“Next in importance to freedom and justice is popular education, without which neither freedom nor justice can be permanently maintained.”
—James A. Garfield, 20th President of the United States

Tuesday, March 1, 2011

We, the people, are part of the problem

After writing every state lawmaker in South Dakota, we were pleasantly surprised that several of them took the time and energy to send a personal reply.
Yet, as promising as that might sound, depression set in with the responses sticking to party lines — Democrats lamenting the pending education funding cuts and blaming the Republicans, and Republicans saying sorry, there is no money and no other options.
 Same s@*t, different group of legislators. Whether it's here, Madison, Wisc., or Washington, DC, the inability to break partisan deadlock is long past tired and old. We know it sounds hokey, but can't we all just get along? There is a greater good at stake.
This is the kind of setting that begs for bold leadership and vision, but all we're getting is stunted, inside-the-box thinking.
The news out of Pierre today didn't boost any hope, even if it was limited:
• Sen. Larry Rhoden's SB152, which would drop Daugaard's 10 percent cut to 5.6 percent, where it seemed to be hanging in limbo.
• Sen. Cooper Garnos decided his SB133, which shifted state aid payments to free up money, wouldn't work and asked to have it killed.
We hate to say it, but whether it's at the national level or here on the open plains, we have gotten what we deserve. These are the people we put into office.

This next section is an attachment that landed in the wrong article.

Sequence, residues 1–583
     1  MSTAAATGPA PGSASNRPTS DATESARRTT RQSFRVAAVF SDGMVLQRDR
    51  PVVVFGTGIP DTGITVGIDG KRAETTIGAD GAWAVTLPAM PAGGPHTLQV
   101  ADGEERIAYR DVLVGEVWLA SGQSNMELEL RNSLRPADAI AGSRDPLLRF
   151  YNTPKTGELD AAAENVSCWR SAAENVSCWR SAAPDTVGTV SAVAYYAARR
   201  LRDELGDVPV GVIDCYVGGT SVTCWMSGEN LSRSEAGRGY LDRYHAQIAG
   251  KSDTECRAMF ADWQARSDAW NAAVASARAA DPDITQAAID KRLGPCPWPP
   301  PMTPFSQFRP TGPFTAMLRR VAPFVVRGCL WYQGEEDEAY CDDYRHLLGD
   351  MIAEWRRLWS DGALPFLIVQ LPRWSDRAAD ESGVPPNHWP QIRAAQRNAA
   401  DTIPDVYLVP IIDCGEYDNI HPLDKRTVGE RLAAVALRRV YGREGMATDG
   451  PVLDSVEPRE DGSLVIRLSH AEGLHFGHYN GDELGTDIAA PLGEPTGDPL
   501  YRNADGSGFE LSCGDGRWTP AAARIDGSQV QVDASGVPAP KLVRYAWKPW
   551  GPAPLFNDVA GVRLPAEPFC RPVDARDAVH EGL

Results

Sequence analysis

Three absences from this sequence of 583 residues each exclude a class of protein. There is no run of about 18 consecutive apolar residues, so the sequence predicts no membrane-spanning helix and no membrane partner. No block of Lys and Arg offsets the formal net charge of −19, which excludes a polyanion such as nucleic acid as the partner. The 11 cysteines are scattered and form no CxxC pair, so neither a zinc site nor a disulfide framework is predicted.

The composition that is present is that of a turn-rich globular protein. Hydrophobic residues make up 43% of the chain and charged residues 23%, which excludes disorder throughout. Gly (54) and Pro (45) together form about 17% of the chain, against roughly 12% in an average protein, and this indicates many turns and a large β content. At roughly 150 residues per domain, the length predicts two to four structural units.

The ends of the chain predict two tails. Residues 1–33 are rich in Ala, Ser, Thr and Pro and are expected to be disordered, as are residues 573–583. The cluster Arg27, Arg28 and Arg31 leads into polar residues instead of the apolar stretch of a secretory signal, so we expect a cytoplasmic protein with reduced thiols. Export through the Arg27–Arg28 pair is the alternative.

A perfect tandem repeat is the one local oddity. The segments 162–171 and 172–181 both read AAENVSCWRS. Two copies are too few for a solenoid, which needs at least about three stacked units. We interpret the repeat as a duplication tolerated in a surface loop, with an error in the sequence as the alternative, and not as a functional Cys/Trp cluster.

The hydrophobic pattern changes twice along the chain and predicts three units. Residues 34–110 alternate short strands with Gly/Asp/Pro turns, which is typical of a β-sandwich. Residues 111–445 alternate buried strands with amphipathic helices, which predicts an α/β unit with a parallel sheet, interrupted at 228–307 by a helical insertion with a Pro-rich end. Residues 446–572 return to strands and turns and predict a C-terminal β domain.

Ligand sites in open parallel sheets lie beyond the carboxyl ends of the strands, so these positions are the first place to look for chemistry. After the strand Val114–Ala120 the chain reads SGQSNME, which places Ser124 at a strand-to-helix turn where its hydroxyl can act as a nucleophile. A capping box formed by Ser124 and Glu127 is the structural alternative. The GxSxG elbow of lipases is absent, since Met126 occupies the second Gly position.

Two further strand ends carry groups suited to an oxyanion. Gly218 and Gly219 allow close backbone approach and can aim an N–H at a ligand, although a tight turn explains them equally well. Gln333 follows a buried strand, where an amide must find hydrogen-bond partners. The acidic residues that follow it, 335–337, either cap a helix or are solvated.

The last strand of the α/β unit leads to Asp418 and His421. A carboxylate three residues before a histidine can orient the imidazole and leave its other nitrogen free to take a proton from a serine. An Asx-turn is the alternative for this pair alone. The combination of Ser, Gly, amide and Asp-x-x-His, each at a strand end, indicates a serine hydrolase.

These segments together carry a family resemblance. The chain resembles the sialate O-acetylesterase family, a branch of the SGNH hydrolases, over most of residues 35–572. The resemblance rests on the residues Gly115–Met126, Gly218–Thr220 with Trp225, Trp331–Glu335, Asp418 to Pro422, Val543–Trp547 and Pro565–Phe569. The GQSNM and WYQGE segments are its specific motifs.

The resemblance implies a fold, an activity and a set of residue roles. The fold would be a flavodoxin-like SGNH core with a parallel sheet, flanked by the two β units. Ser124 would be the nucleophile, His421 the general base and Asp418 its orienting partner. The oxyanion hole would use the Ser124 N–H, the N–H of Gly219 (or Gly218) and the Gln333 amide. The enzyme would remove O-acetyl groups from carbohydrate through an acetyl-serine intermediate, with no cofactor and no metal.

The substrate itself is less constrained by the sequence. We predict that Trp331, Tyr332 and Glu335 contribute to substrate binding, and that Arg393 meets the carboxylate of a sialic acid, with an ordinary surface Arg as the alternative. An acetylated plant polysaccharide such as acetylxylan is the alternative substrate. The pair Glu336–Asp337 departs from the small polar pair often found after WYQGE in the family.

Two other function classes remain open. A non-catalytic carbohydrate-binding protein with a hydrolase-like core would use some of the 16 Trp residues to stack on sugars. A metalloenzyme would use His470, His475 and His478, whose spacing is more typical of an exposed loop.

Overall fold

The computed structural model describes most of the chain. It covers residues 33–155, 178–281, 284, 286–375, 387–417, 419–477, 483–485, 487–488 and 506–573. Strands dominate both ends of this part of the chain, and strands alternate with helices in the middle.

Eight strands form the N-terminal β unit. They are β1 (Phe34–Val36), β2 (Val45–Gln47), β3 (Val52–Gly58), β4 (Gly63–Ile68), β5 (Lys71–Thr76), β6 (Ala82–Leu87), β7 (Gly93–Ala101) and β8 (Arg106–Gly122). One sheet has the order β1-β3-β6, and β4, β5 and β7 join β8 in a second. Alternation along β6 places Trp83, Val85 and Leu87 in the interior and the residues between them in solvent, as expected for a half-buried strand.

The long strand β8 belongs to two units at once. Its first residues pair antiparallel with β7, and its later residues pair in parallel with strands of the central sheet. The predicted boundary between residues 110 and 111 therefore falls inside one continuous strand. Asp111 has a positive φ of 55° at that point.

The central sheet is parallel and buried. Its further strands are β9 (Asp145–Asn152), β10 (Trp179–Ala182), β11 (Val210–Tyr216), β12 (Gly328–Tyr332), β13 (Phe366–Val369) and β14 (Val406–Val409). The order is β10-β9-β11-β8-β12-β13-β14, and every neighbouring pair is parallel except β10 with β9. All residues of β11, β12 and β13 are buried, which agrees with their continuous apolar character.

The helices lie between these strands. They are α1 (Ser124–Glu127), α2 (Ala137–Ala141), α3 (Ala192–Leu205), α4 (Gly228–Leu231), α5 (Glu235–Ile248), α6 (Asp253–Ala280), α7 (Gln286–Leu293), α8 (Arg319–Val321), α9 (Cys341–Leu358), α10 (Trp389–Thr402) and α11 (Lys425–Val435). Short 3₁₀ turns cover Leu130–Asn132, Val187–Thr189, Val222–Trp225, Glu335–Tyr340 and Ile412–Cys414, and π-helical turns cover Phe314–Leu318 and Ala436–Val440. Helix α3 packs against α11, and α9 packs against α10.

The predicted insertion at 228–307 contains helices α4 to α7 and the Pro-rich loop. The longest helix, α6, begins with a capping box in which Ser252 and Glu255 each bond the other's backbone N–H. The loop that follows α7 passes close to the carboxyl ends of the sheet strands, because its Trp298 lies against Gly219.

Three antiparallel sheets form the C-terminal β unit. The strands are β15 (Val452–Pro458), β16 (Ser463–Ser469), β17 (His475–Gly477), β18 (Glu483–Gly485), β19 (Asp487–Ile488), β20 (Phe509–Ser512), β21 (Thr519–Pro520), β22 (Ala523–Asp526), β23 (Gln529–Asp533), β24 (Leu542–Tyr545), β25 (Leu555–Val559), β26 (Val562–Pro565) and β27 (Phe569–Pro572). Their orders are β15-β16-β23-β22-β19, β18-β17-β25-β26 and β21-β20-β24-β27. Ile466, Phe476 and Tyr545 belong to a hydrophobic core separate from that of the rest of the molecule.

Sure, some of the candidates, like Gov. Daugaard (read his Plan for Education, particularly page 8 on his commitment — ha! — to education funding) were misleading if not less than truthful. But still, ultimately, we are responsible.
We've been letting our lawmakers off the hook and not holding them accountable. Year after year, we send them to Pierre, they squabble about education funding and do nothing to fix the system.
If we don't like how our elected officials are behaving and the policies they are implementing, we have the ability to change that. The key is setting aside the sound bites and the spin and doing our homework.
Unfortunately, the next election won't come soon enough to save us from the looming disaster with education.
In the meantime, though, we can educate ourselves. Here is a good place to start learning and asking questions: Primer on the South Dakota Budget.

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